Longtime Commencement Chief Marshals Reflect on Past Ceremonies
For most people, college graduation is a fleeting experience. Years of work build into one day, and all at once, it’s over. But, work your way into the position of chief marshal, and the excitement can be yours three times every year.
That’s the case for Nancy Sampson and Michael Keables, who have served as the team behind the Commencement curtain for over a decade. Sampson, professor emerita in the Daniels College of Business, is a true veteran in the role. Her tenure as chief marshal began nearly 40 years ago when the administration came to her and said, “It’s time a woman did this.”
Keables, associate professor and chair of the Department of Geography and the Environment, first put his hat in the ring as a faculty marshal back in the 1990s, but when former chief marshal Gordon Van Stroh stepped down more than a decade ago, Sampson and Keables took over the job and have been running the show behind the scenes ever since.
Together, they’ve battled streakers, swim goggles, dogs and vodka-infused lemons to protect this sacred moment for thousands of students. “Cat herders is what we like to think of ourselves as,” says Keables. “Butterfly wranglers.” Years of experience and a keen sense of what to expect have helped Keables and Sampson masterfully usher over a thousand fluttering and excited students into their futures — in just 10 minutes. The pair organize students into six lines that flood Magness Arena from various directions each spring, ensuring a speedy and organized ceremony. All told, the production requires the help of at least 25 faculty marshals and months of preparation, meetings and coordination.
It’s a big job, and quite simply, it takes two. “I can’t do it without Nancy,” Keables says. “We’ve been doing this long enough that we make a pretty good team. We each cover certain aspects of it, and we both know that if something goes wrong, the only people who are going to know what’s going on will be the two of us, and we will take care of it.”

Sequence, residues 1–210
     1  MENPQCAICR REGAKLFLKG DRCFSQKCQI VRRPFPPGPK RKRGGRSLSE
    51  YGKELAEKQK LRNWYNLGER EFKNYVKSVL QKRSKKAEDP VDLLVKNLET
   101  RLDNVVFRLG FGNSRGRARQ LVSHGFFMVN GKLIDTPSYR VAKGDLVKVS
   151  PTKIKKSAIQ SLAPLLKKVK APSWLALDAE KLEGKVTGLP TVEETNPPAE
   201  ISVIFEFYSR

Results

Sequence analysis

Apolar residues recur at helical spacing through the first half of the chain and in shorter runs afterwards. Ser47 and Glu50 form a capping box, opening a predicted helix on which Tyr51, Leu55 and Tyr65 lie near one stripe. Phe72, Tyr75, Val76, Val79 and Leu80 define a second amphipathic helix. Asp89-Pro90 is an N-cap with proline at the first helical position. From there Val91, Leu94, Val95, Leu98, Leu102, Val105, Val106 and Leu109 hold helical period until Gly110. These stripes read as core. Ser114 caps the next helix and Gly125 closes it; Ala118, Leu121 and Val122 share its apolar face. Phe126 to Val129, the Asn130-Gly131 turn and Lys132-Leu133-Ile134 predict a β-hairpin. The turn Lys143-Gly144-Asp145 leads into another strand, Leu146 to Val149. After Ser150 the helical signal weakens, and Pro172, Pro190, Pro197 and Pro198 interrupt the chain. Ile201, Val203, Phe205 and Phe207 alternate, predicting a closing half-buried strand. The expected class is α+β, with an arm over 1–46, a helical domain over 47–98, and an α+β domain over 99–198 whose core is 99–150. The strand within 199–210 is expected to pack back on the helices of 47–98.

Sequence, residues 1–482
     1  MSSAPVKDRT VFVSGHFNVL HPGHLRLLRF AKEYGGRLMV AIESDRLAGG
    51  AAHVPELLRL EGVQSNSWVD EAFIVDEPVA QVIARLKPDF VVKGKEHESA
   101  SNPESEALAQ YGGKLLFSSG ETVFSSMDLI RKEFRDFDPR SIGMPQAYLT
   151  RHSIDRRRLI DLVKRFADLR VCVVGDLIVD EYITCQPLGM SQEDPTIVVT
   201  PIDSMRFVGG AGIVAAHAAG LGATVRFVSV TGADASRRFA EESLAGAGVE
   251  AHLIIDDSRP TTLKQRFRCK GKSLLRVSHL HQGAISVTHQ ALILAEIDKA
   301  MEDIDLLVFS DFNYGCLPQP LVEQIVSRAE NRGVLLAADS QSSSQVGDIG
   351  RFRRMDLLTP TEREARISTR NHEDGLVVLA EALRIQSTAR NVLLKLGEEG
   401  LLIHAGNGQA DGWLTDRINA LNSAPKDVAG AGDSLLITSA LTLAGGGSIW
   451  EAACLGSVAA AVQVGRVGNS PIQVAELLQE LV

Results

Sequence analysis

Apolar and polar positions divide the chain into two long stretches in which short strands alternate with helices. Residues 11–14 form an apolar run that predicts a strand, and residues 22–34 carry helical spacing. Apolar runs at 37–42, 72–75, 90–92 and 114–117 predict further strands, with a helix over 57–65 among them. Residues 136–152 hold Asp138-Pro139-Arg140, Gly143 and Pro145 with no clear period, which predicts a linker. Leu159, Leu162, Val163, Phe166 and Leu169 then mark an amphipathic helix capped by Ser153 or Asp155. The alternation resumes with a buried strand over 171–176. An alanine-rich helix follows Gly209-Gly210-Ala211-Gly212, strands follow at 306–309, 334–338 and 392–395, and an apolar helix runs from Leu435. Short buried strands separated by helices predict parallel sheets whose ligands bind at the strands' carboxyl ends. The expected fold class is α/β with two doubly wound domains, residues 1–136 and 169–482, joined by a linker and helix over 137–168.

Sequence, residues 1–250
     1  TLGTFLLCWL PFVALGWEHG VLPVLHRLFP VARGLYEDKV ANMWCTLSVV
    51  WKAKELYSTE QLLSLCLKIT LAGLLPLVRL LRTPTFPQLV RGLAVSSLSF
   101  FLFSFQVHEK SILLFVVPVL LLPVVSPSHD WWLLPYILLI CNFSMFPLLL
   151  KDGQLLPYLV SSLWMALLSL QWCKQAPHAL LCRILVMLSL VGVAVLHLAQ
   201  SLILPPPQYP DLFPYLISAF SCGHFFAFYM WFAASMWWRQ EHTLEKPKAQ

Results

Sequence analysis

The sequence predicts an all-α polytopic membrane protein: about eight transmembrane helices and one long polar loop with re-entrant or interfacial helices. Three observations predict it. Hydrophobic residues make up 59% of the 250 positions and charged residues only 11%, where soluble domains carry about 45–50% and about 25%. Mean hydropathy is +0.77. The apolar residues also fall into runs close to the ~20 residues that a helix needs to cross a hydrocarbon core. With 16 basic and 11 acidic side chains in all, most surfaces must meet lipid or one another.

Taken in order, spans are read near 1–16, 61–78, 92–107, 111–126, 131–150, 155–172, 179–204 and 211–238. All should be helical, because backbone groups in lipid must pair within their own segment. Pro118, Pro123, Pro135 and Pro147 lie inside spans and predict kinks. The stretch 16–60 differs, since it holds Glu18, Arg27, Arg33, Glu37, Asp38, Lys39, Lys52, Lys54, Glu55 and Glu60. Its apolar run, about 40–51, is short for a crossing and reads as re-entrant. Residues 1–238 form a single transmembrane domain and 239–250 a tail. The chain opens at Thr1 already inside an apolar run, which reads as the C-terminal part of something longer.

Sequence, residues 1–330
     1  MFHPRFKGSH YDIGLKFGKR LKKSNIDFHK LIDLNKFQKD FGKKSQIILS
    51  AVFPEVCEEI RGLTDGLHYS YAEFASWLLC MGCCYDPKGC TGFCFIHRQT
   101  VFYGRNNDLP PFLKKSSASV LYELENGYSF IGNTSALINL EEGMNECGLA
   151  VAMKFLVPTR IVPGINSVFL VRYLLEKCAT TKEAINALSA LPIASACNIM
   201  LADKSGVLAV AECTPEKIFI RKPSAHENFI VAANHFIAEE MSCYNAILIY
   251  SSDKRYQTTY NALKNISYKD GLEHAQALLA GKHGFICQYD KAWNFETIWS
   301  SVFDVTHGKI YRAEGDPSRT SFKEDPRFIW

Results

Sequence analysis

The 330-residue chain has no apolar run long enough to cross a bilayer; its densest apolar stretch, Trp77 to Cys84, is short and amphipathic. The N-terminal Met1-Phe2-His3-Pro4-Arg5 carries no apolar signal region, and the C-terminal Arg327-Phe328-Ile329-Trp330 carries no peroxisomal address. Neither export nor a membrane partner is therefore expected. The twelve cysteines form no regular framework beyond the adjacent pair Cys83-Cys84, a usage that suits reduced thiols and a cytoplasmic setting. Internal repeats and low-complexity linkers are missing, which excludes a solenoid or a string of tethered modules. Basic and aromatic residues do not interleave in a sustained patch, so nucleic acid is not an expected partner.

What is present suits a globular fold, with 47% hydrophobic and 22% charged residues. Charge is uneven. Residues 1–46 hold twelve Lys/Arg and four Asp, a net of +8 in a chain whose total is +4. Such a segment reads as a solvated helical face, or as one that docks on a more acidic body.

Over the years, the pair have seen Commencement evolve in marked ways. Sampson says her earliest ceremonies stir memories of the Vietnam War and low attendance. Later, she remembers a June snowstorm causing mass confusion. “Starting at five in the morning, we moved everything inside the old arena,” she says. “Honestly, I didn’t know where anybody was going to be, especially the faculty. I had to tell their marshals to walk them out in the snow and keep them there until I could figure out where they could sit. They thought I dismissed them, and they all left.”
Over the years, Keables and Sampson have seen it all: students with the proverbial mortar-board-tans; one speaker ending his address with an all-too-convincing fake heart attack; students clamoring for a selfie with guest Jane Fonda; and a surprise visit from Copernicus, as portrayed by former history professor Allen Breck. But nothing compares to that moment the procession begins. “When the wind ensemble hits the fanfare to start the processional and we give the high sign and everybody starts at that one point, that’s one of the highlights for me,” Keables says. “You flip the switch and whatever is going to be will be. But, more than that, at that point the students kind of realize this is really happening. This is my day. This is my time. You can feel the energy.”
Moments like these make each festivity as special and important as the last. “We work very hard to give everyone their five seconds in the sun,” says Sampson. Adds Keables: “This is the biggest event at the University. That’s why Nancy and I spend so much time and put our hearts and souls into this. Across all levels from undergraduates to doctoral students, Commencement is the pinnacle.”
With spring Commencement just days away, Keables and Sampson have a few sage words of advice, steeped in years of careful observation: “It’s your last hurrah with your friends, your colleagues and your professors, so come with the right attitude.”